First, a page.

CLEVELAND — Cleveland’s famous “Whale Wall” mural on the Cleveland Public Power building is getting a face lift, more than two decades after it was originally painted.
Wyland, the artist who painted the original mural 22 years ago, returned to Cleveland this week to restore “Song of the Whales.”
The restored mural will be rededicated on Friday, Oct. 4, according to West Creek Conservancy.
“The idea is that the whales, the ocean, they’re all connected to the lakes,” Wyland said. “So what’s happening to our oceans is really reflected in what we do to our other water, our freshwater habitats, including Lake Erie right here.”
That idea is what led Wyland to paint the mural in 1997. It stretches over more than 32,000 square feet and is one of 100 murals he’s painted in countries around the world throughout the course of 30 years.
“We’ve done them in Micronesia, in Guam and Australia, New Zealand, France, Canada,” said Steve Creech, president of the Wyland Foundation, a nonprofit.
The murals are gifts to the people of the cities in which Wyland paints. As another gift, he’s restoring Cleveland’s mural, 50 years after the Cuyahoga River Fire, which he said inspired him as a young artist growing up in Detroit.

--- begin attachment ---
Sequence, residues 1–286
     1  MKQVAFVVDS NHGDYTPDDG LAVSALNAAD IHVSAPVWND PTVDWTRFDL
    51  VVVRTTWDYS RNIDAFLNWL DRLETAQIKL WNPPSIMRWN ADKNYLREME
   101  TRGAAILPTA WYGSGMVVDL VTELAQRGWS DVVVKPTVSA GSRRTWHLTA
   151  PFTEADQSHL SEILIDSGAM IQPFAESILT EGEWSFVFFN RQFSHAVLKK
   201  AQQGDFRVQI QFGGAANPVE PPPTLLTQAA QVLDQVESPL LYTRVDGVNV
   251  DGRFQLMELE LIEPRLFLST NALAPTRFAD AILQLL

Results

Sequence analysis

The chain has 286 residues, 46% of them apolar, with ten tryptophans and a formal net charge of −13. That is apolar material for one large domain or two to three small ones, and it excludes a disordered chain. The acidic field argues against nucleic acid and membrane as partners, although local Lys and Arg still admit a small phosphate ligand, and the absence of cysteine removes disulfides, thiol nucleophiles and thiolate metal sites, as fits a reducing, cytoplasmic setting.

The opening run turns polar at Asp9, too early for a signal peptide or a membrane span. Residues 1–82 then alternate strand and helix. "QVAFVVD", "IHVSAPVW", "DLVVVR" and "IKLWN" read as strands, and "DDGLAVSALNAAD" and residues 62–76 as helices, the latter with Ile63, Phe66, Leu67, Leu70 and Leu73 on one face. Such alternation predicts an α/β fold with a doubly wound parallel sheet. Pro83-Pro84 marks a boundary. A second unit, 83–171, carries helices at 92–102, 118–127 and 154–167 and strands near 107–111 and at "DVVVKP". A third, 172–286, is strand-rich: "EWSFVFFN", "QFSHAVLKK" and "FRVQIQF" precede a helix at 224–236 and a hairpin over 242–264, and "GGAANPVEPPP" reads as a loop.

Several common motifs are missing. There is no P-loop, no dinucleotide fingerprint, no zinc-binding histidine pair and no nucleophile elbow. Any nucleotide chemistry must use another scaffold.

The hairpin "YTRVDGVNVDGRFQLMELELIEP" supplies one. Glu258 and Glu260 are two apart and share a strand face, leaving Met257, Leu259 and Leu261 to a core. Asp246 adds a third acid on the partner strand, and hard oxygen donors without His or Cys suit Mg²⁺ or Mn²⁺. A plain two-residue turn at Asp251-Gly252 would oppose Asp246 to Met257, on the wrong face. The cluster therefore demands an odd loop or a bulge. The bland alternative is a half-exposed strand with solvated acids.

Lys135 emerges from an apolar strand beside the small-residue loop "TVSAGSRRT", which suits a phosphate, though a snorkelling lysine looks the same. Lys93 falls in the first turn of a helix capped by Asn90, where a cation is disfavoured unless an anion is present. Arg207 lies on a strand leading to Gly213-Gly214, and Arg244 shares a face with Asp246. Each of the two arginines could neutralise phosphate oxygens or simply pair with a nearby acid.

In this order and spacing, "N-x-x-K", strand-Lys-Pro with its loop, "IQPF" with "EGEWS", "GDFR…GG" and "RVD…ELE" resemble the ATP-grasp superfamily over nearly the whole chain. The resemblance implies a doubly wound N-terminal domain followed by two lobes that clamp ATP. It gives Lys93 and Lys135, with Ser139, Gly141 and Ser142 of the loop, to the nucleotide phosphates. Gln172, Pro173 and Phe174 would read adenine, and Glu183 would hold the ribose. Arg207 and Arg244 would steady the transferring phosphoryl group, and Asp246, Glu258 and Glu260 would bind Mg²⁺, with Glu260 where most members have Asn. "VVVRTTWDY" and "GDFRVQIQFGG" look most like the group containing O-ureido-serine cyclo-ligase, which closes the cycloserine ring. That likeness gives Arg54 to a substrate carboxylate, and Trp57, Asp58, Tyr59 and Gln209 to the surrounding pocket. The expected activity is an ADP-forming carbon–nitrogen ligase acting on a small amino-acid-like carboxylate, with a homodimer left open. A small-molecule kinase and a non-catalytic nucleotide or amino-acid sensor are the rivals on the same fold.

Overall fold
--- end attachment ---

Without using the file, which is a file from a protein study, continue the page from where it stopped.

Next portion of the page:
“I heard about that and I thought, ‘Man, how much crap do we gotta be putting pollution in our water for it to catch on fire?’” Wyland said.
Wyland’s art is a way for him and his foundation to spark action on environmental causes.
“These days, you know, 2019, you can’t just protect the coasts and say our job is done. We really have to look at what we’re all doing as individuals, in our own way,” Creech said. “Upstream, in our watersheds, and again, it may be whales on the shores of Lake Erie, but it really matters to all of us everywhere.”
Creech added that the mural restoration was part of a National Mayor’s Challenge for Water Conservation.
“One of the reasons why we did select Cleveland to kick off our National Mayor’s Challenge for Water Conservation was because it was the 50th anniversary of the Cuyahoga River Fire,” Creech said.
Wyland said he was happy to celebrate a now-healthy Cuyahoga River. As volunteers joined him to restore his mural, Wyland said he hoped his art would inspire other young artists to get involved like he has.
“If we can do that, we can inspire an environmental renaissance, a sea change, and that’s what I’m looking to do,” Wyland said.